utd_art2_0Tonight on CBS, Dean Norris (BREAKING BAD), Britt Robertson (LIFE UNEXPECTED), Mike Vogel (PAN AM, among others) and Rachelle LaFevre (everything ever made), star in UNDER THE DOME (CBS, 10/9c).  The show, which is based on the lengthy Stephen King novel of the same name, follows the residents of Chester’s Mill before and after an invisible dome slices through the air (among other things….in the grossest scene I’ve seen outside of HANNIBAL these days), trapping many people in town, and keeping others out.

The first hour sets up promise of what could be a great show.  The idea of being left to fend for themselves with no help from the outside world is an intriguing premise, and it seems like a no-brainer that someone would adapt the (really good if meandering) book. That person, in this case, is Brian K Vaughan, who you know from a lot of stuff, but most notably his incredibly smart and well done comic series Runaways and Y: The Last Man and his time spent writing for LOST. There’s a great pedigree involved in the show, as Steven Speilberg and Neil Baer are on board as producers, as well.

What stood out to me, aside from the frightening “what if” approach the show takes (what if YOU were trapped in town?), is the sense of doom or danger, plus an urgency felt by the actors, dictated by the script.  Dean Norris is perfectly cast as Big Jim Rennie, the town’s biggest auto retailer and the only politician left under the dome.  You can tell that he wants all the power that he can get but he struggles with the fact that he might have to take all of that on.  Even in failed shows, I’ve felt that Mike Vogel has always commanded attention on screen, but never more so than he does here as Barbie, the mysterious outsider who finds himself the de-facto leader of this merry band of townsfolk.  His chemistry with LaFevre, here playing Julia Shumway (any relation to Gordon remains undocumented), the editor of the local paper whose husband appears to be missing, is palpable, and their push and pull will be fun to follow along.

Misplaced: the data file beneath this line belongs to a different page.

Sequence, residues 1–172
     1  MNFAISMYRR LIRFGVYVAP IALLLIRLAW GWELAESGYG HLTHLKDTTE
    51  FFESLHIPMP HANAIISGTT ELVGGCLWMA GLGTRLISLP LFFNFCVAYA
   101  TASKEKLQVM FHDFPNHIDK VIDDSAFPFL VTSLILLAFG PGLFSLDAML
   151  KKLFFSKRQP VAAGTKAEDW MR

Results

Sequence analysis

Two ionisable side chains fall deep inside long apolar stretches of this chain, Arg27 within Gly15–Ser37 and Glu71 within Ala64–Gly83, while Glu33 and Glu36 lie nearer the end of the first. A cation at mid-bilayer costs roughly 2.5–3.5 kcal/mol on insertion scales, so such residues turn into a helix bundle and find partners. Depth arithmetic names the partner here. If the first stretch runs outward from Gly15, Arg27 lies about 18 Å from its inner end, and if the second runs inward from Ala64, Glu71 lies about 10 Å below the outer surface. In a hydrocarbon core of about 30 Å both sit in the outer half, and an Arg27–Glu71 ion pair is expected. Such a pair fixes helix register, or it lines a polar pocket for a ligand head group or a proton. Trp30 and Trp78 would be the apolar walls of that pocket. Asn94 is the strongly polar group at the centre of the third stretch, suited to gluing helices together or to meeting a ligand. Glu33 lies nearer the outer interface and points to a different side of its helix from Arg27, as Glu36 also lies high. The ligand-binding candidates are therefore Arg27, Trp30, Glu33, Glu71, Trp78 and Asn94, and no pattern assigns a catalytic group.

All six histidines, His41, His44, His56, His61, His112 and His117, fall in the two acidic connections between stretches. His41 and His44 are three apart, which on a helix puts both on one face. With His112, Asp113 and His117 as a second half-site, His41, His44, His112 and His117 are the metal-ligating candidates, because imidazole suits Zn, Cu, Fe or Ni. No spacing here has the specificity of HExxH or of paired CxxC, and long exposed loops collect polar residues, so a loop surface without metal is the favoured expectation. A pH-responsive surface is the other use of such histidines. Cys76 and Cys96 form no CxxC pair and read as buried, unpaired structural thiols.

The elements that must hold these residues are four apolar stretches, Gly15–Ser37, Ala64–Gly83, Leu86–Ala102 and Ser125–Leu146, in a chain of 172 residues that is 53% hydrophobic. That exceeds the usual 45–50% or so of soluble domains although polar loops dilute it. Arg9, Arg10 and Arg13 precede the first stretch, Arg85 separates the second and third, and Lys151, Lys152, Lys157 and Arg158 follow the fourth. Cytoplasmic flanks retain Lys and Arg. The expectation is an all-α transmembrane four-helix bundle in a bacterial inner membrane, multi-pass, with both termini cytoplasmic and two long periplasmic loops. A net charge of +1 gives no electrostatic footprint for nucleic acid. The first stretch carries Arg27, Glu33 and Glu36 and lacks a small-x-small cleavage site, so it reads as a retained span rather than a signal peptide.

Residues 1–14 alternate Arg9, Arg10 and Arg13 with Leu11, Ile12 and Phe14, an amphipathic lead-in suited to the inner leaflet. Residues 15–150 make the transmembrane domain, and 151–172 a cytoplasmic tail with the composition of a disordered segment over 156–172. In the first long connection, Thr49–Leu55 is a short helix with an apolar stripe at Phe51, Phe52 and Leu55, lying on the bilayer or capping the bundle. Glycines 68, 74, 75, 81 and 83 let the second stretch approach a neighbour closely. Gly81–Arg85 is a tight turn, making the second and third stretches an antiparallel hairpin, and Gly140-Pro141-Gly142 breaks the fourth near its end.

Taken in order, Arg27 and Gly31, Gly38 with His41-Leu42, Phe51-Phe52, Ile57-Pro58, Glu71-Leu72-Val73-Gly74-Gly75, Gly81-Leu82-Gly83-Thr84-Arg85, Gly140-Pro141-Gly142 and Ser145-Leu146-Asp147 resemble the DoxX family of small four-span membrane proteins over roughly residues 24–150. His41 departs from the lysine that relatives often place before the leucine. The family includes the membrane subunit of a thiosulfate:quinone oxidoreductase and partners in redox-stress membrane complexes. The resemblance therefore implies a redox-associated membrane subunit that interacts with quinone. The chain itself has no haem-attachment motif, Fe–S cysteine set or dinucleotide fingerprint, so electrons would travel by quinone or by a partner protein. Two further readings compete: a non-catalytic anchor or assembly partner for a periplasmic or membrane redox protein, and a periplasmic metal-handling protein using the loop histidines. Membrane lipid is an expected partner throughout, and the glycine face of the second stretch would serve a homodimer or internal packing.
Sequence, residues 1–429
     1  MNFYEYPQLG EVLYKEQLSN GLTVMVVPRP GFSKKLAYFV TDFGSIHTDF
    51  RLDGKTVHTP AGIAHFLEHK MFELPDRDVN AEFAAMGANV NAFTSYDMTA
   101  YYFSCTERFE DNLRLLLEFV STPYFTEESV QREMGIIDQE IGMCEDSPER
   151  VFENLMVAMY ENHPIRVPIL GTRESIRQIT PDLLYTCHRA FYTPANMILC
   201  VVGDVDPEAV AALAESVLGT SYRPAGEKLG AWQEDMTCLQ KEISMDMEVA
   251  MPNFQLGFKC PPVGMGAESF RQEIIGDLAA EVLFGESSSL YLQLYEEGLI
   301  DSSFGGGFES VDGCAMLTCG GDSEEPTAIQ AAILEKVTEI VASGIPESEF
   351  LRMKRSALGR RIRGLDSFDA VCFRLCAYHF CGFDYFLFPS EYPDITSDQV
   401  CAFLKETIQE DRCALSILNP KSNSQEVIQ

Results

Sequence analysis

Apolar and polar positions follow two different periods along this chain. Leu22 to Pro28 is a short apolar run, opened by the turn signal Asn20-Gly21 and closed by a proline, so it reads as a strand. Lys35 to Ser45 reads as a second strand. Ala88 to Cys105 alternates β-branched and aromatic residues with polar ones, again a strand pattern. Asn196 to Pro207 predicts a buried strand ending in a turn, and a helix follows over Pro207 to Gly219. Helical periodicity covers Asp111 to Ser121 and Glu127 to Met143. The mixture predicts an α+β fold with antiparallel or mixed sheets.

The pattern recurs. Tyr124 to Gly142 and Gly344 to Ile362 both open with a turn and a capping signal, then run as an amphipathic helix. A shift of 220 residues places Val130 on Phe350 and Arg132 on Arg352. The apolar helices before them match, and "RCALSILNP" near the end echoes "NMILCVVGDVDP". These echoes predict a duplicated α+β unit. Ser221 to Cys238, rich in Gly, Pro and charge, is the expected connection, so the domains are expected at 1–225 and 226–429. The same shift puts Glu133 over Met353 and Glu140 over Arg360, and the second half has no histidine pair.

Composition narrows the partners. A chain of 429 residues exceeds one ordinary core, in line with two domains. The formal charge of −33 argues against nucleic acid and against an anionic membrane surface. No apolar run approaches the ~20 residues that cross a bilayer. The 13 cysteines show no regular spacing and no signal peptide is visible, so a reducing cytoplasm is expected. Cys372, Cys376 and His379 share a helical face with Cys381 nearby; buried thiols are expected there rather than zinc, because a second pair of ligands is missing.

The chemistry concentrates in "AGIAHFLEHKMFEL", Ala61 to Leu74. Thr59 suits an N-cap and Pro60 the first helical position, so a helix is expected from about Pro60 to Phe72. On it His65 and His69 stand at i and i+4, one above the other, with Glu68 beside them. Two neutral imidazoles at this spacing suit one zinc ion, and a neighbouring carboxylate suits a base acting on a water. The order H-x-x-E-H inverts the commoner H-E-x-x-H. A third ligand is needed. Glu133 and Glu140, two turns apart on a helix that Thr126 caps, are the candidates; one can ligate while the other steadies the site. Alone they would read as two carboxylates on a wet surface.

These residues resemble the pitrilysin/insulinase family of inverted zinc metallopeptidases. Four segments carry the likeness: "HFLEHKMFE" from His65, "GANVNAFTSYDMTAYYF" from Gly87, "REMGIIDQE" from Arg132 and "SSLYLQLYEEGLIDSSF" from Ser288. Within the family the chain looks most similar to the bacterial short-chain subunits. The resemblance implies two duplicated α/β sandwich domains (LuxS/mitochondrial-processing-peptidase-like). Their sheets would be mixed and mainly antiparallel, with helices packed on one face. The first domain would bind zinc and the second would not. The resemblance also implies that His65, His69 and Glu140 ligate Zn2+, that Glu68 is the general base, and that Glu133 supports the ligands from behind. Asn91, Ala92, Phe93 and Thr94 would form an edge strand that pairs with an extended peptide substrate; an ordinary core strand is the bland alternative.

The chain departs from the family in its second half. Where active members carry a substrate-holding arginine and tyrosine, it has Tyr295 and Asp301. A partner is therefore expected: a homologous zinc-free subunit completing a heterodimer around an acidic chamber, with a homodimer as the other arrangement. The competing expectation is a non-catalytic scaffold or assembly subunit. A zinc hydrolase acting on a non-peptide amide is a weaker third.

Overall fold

Other standouts in the cast – Britt Robertson’s Angie is a wise-beyond-her-years young woman who wants out of her tiny town but finds herself more trapped than ever; she and her brother, Colin Ford’s Joe (young Sam!), find themselves home alone, in the most major sense of the word, with their parents trapped outside.  Radio DJs played by Nicholas Strong and Jolene Purdy provide some levity; lesbian couple Carolyn and Alice (Aisha Hinds and Samantha Mathis – always delightful to see both of them) are in town with their bratty daughter Norrie (is her full name North?), the first to fall ‘victim’ to the repeated and frightening phrase “The stars are falling in lines” that rears its ugly head more than once.  Familiar faces Natalie Martinez (DETROIT 1-8-7), Beth Broderick (SABRINA THE TEENAGE WITCH), and LOST-ie Jeff Fahey round out a really solid cast.  As many others have pointed out, if there’s one weakness to a really well cast show, it’s Alex Koch’s Junior, who feels too American Psycho to be as “real” as the other characters.

All in all, it’s a show that I’ve already set my series recording for, and I can’t wait to see where they could possibly go next. Will they stick with the source material?  Will it vary drastically?  Will CBS stop calling it an event series, if the show does well, and develops into something more?

Check it out, and let us know what you think!